By Joyce Lee and Rajesh Kumar Singh
(Reuters) – Industrial conglomerates GE and 3M, and chipmakers Texas Instruments and SK Hynix cautioned that China’s COVID-19 led stringent curbs were further disrupting battered supply chains and hurting their revenue.
China’s “zero Covid” policy to combat the Omicron variant has brought fresh lockdowns in many cities, forcing factories to shut down and worsening a global supply chain logjam. That has cast a pall over financial markets worried about a hit to the world economy, which is only just recovering from the pandemic-led slump.
And even as companies scramble to keep up with soaring costs of everything from labor to raw materials, the Russian invasion of Ukraine and related Western sanctions have driven up energy prices.
“Collectively, supply chain issues, the Russia-Ukraine war and China COVID impacts adversely affected revenue in the quarter by about 6 percentage points,” General Electric CEO Larry Culp told an earnings call on Tuesday.
Culp, who does not expect GE to fully offset inflation this year, said the company was scrutinizing costs “to size the business for the new realities,” and moving towards a more decentralised way of running its business closer to its customers to improve prices.
3M, another American industrial giant, said on Tuesday that China’s lockdowns, along with the Ukraine crisis, had slowed sales in April.
The company, which was already struggling with chip shortages and high raw materials costs, said it would continue to increase prices to offset inflationary and supply chain pressures, echoing GE that said it has already raised prices and invoked price escalation clauses in its service contracts.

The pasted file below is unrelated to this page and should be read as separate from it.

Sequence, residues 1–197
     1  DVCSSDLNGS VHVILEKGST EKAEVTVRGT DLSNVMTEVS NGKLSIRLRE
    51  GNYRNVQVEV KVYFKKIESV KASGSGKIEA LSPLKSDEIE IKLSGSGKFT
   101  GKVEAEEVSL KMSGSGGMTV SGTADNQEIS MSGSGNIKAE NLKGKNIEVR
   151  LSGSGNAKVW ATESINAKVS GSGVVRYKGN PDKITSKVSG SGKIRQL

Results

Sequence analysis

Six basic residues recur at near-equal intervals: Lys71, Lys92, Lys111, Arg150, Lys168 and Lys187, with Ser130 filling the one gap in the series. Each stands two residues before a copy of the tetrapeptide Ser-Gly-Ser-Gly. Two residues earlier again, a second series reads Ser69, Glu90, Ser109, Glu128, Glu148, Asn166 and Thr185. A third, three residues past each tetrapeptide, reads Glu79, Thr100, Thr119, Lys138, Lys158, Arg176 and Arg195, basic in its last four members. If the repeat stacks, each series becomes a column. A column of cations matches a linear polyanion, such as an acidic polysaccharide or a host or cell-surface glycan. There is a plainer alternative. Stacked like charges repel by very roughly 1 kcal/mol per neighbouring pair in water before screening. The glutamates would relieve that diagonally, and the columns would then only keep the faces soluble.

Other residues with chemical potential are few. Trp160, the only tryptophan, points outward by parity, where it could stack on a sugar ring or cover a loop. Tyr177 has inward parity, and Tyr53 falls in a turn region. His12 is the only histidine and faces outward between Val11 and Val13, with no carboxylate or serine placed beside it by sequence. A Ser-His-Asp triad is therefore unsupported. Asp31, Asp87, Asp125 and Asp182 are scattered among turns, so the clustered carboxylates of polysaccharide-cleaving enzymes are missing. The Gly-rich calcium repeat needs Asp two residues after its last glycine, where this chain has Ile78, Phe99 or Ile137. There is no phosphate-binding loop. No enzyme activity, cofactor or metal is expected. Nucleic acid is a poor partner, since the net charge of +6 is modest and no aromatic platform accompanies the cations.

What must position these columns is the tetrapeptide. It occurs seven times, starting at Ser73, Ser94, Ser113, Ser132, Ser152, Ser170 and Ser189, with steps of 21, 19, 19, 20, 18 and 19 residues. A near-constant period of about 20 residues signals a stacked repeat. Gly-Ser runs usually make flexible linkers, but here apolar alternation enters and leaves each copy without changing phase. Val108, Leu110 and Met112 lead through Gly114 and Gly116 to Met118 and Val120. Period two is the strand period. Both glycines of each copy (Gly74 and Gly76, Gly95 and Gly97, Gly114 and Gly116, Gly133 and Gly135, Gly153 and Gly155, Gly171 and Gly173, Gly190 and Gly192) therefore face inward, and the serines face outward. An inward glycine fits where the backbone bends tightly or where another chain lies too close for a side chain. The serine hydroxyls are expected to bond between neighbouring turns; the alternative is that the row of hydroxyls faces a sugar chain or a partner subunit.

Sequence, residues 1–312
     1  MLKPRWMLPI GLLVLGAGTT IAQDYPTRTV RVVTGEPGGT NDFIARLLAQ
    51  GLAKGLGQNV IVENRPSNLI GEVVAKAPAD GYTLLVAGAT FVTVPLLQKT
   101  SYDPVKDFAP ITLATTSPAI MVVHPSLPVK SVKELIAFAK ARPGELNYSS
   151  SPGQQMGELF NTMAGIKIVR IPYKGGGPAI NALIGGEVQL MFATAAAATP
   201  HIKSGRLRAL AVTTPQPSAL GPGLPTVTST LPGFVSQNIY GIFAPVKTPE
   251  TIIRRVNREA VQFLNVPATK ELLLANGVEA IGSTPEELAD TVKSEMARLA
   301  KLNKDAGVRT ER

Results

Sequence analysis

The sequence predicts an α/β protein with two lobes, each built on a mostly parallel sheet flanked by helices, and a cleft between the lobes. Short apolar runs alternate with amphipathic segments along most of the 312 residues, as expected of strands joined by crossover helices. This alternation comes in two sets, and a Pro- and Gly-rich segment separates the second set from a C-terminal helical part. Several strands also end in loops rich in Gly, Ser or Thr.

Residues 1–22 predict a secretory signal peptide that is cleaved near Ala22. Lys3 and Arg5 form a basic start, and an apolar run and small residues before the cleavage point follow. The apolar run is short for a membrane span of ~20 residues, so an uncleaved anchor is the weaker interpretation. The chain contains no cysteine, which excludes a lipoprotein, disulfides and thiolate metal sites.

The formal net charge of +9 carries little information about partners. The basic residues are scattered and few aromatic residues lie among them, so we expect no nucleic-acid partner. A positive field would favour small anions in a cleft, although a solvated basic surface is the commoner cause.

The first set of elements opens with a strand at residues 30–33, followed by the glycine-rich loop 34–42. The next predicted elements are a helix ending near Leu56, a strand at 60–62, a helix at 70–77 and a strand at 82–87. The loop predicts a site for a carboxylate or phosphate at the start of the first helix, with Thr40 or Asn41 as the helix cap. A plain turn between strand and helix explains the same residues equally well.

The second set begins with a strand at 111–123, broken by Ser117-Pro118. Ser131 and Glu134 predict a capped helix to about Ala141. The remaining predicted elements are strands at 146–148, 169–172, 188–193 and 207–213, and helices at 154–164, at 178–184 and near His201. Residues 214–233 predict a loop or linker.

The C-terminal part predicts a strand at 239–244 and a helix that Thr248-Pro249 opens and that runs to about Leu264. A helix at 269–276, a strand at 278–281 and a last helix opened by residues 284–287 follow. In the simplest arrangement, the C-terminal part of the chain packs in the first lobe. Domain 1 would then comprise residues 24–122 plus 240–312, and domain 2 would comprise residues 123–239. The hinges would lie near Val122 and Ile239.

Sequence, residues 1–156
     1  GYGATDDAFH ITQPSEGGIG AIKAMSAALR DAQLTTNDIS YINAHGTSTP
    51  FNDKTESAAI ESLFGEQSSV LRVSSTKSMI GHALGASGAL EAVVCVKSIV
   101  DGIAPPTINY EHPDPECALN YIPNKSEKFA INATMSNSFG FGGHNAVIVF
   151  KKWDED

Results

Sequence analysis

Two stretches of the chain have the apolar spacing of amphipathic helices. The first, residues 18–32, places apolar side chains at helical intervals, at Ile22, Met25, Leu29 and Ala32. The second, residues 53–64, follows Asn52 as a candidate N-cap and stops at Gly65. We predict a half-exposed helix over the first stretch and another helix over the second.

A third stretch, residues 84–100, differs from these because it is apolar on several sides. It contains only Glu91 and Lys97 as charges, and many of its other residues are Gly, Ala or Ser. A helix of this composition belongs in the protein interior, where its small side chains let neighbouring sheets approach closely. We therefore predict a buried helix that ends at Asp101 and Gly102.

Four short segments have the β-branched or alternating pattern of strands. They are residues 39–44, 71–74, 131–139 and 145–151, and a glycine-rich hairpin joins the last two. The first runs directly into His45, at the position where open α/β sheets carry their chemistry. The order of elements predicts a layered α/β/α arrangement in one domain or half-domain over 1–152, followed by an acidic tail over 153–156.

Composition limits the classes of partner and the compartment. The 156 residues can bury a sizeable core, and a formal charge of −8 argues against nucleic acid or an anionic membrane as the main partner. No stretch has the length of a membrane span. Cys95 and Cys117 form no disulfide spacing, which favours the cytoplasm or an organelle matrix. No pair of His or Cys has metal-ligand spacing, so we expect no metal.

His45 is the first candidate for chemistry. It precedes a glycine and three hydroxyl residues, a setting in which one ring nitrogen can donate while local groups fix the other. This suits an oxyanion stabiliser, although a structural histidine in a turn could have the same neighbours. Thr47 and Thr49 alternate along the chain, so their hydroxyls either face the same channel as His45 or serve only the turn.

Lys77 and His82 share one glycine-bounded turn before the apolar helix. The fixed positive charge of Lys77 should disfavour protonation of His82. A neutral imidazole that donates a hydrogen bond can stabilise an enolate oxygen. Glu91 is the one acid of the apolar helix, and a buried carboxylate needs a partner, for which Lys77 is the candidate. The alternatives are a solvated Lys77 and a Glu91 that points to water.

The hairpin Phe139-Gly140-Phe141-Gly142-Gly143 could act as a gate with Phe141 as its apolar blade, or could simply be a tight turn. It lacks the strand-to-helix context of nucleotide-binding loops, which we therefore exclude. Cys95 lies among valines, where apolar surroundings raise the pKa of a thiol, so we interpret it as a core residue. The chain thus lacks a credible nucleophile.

“The outlook remains uncertain. It’s difficult to predict. We see maybe a 1 percentage point kind of headwind as we start Q2, but that can change as we go through the year,” 3M CEO Mike Roman said.
South Korea’s SK Hynix, the world’s second-biggest memory chipmaker, said China’s lockdown was the biggest risk driving weaker chip demand in mobile and personal computers, though it expected a pick up in the second half as manufacturers launched new products launches before the year- end shopping season.
“In the smartphone market, demand growth is slowing especially in China, and mobile memory chip shipments are expected to increase in the early single-digit percentage, which is slightly lower than expected at the beginning of the year,” Kevin Noh, Chief Marketing Officer at Hynix, said on a conference call on Wednesday.
US chipmaker Texas Instruments on Tuesday flagged disruptions at the factories of its customers and forecast current-quarter revenue below Wall Street estimates.
“It just became clear we were experiencing lower demand, particularly due to COVID-19 restrictions in China,” Dave Pahl, head of IR at Texas Instruments, said.
Some European companies including EssilorLuxottica, which makes eyewear for Prada and Versace, and Gucci owner Kering have also warned that China’s lockdowns were hurting sales.
(Reporting by Joyce Lee in Seoul, Rajesh Kumar Singh in Chicago, Abhijith Ganapavaram, Aishwarya Nair and Sonia Cheema in Bengaluru; Writing by Sayantani Ghosh; Editing by Shri Navaratnam)